Many is more powerful than one when working to end pollution

Victoria Stromberg – Anchor Contributor

If everyone was to start doing small things every day to improve the environment, the world would be a healthier place. There is a growing problem with pollution in the environment and more specifically, oceans. But how big is this problem?

The effects that plastic pollution alone has had on ecosystems and food chains in the ocean is astronomical. Seabirds across the globe are being discovered with plastic in their digestive systems, as they mistake the plastic for food on the ocean’s surface. Plastic has been found the digestive tract of not just birds, but in animals ranging from whales to sea turtles and even small crustaceans. Filter feeding animals such as Baleen whales, that use their large mouths to sift through plankton and krill, ingest plastic by mistake as well. In serious cases, ingestion of plastic can kill these animals.

According to an environmental research letter by Albert A Koelmans, 99.8 percent of plastic that has landed in the oceans since the 1950s has settled below the surface of the ocean. Since then it has accumulated to 8.5 million tons annually––that is a lot of plastic to be hanging out on the ocean floor.

This is unsettling.

Plastic, while being a main contributor, is not the only issue that is reducing populations and damaging marine life. Another problem is fishing nets being abandoned in the sea causing animals such as birds, sea turtles and even whales to get caught in them while they are swimming.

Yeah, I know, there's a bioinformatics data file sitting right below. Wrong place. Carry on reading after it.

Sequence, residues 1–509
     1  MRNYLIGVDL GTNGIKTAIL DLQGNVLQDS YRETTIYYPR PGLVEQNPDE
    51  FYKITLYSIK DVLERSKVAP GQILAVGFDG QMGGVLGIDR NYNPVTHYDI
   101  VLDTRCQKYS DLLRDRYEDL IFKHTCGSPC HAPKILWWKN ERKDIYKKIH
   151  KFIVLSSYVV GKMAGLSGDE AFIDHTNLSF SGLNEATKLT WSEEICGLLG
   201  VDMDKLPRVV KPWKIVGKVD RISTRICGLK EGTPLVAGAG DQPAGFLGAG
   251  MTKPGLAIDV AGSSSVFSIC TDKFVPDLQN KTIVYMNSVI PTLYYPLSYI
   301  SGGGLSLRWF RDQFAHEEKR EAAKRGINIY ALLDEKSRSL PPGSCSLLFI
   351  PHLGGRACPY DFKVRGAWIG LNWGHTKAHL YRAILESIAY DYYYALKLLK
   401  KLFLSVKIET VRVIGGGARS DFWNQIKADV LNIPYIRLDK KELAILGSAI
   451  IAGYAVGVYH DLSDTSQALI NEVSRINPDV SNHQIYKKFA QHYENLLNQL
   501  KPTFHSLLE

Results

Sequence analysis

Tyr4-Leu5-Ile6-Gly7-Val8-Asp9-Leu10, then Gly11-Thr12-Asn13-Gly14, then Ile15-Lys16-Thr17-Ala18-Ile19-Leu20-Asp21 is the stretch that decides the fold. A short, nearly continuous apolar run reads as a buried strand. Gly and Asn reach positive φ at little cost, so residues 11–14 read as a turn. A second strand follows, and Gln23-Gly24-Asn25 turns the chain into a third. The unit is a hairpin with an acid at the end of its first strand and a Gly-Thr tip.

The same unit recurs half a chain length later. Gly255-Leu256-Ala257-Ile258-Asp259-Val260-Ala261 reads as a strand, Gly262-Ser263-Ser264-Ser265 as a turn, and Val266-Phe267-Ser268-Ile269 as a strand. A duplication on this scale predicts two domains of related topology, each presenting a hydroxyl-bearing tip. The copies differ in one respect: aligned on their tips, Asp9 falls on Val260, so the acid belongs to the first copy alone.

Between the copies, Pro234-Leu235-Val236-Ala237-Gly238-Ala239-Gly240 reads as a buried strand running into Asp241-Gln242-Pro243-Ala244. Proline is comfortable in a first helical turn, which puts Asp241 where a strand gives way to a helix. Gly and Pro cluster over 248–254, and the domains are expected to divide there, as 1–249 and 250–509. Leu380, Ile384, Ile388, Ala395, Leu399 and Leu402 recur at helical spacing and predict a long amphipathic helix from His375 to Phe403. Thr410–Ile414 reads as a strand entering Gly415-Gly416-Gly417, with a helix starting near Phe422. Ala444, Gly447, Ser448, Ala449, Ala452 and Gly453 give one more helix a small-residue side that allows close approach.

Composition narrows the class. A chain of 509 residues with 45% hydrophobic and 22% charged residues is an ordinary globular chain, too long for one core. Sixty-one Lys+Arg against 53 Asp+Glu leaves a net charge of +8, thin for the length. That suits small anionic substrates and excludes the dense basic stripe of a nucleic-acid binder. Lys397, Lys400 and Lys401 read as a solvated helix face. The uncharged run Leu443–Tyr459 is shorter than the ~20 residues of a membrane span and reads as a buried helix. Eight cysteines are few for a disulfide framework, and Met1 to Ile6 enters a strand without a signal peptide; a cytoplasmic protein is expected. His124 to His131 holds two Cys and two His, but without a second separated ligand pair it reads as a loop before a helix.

Photo courtesy of National Geographic

According to The United Nations Environment Programme (UNEP) and the Food and Agriculture Organization of the United Nations (FAO), an estimated 640,000 metric tons of fishing gear are left in the oceans each year. This includes 25,000 nets that are recorded lost or discarded every year.

Although there are non-profit organizations and businesses out there responsible for working to remove debris in the ocean, they can not fulfill this alone. There are things that everyone can do at home to reduce the amount of plastic build-up in not only the ocean, but all ecosystems both land and sea. These underlying factors of pollution can all be reduced if there was a focus on worldwide sustainability.

As for what the average person can do from their own home, there are countless things that people do throughout their day that they don’t even think about.

The easiest things to do to preserve the environment are as follows: Reduce, reuse, recycle! Reduce your intake of plastic, get a reusable water bottle so there is never a need to buy copious amounts of plastic bottles. When shopping at the market, think about it, ask yourself if the supermarket has paper bags rather than plastic? If so, jackpot. The less plastic we use, the less plastic that mistakenly ends up where it does not belong. If you live near the coast, like us Rhode Islanders, an important way to contribute is to go to local beach cleanups, or donate to these groups and organizations. As far as fishing gear goes, clean up after yourself. The most obvious solution is do not discard fishing gear and nets into the ocean when they are no longer used. Discard them the proper way, by finding local places near you that work to recycle fishing nets, or distribute them to places that do. A little can go a long way.